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There were more "End the Fed" types than "End Israeli Apartheid" activists, but this guy was clearly of the latter variety:

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At the information tents:

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Now walking West on Alton toward Jamboree:

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The Democrat-Socialists:

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Lots of anti-Federal Reserve protesters:

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Protesters were chanting: "You. Are. The 99 Percent! You. Are. The 99 Percent!"

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I'm seeing more of this, anti-work ideologies: "Jobs Are Not the Answer." Seriously?

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People before profits, ad nauseum:

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Heading back over to Harvard, there's the encampment on the corner. You've got the suburban vibe:

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Sitting on the corner is this old-timer with the "Remember Wisconsin" sign. He's holding forth on how Occupy Wall Street is the country's last chance to save democracy:

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He's a dreamer:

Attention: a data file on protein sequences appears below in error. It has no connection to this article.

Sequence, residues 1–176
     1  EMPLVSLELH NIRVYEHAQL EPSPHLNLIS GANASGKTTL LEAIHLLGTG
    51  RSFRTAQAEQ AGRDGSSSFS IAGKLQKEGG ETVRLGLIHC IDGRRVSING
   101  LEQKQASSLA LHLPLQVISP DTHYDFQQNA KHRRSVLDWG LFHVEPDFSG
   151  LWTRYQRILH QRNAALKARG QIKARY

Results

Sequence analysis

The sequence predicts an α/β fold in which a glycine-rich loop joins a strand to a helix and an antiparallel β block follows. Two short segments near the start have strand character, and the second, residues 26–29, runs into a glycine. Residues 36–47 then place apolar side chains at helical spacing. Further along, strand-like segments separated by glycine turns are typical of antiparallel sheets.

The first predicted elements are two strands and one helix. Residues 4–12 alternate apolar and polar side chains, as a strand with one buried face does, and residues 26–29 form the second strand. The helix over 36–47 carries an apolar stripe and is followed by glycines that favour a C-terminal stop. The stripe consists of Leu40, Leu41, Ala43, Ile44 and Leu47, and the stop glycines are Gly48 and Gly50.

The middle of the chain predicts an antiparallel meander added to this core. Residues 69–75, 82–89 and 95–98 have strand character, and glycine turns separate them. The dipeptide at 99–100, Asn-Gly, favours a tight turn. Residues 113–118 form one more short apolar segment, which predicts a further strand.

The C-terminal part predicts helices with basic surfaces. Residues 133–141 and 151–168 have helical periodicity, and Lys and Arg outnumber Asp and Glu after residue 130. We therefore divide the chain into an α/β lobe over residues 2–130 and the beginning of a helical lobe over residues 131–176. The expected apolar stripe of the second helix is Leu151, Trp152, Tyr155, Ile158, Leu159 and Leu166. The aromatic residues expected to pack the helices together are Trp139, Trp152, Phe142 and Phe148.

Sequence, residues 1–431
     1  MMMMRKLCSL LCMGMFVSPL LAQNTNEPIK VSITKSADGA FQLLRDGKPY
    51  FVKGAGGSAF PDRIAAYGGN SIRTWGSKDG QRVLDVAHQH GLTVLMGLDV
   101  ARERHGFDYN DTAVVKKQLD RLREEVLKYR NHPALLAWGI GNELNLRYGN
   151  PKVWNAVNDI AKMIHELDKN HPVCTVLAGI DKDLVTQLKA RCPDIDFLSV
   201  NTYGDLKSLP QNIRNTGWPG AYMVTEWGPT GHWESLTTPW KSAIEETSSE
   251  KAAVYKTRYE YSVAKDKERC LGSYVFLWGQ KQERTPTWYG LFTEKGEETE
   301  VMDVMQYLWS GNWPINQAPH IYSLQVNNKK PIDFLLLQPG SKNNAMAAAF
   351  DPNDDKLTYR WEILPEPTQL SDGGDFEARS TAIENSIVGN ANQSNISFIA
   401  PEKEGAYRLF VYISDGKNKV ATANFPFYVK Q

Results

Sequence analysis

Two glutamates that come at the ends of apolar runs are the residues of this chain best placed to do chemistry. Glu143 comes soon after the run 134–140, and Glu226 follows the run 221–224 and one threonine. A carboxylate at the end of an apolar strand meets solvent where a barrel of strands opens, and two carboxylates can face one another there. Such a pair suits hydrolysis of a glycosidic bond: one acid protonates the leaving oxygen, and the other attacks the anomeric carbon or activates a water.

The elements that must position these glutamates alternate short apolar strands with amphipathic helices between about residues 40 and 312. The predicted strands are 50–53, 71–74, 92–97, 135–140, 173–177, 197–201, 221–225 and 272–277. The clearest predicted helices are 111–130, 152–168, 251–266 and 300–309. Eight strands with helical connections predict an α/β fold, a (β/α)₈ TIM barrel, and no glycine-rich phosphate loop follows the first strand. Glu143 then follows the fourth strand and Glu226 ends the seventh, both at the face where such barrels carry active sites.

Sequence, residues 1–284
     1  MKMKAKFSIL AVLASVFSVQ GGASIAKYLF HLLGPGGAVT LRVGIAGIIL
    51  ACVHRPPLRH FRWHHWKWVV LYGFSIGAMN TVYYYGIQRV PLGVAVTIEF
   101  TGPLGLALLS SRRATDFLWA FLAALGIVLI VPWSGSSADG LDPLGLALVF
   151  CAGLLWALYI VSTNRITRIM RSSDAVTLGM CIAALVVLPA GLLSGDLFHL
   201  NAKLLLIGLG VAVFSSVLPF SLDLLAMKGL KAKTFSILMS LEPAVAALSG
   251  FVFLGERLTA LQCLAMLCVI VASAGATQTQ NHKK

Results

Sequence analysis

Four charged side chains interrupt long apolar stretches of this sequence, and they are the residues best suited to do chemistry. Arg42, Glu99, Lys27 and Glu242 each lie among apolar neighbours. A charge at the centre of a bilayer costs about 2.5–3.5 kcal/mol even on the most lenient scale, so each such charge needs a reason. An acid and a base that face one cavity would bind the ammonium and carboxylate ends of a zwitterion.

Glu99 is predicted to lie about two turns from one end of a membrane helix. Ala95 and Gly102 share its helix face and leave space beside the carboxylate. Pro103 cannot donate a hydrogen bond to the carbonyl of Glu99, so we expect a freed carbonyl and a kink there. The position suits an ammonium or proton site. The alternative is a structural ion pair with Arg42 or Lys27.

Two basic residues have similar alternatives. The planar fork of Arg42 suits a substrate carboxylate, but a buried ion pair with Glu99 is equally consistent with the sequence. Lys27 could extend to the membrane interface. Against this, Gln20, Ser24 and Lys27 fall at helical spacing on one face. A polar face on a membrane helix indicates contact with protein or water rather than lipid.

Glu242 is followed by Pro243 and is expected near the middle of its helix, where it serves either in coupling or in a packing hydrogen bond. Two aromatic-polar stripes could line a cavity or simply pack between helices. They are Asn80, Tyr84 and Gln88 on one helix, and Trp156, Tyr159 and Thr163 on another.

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Is this idealism, or fearmongering? I guess if Martin Luther King, Jr., said it, that's cool:

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Now moving over by the information table:

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That's Kyle on the right, the spokesman in charge yesterday morning. Interesting guy. He said two weeks ago, he'd never been involved in politics. He's talking to the woman who had a lot of questions. She was sympathetic to Occupy Wall Street but had seen the less savory coverage. She still had some reservations. Kyle responds with, "Well, there's a lot of different opinions out there." As I listened it didn't seem like he was articulating any real coherent agenda. So I asked him, "Can you summarize the movement down to one or two specific demands?" And he responded with, "Get money out of politics." And I said: "What would that do?" He says, "We'd have government by the people." It wasn't particularly edifying.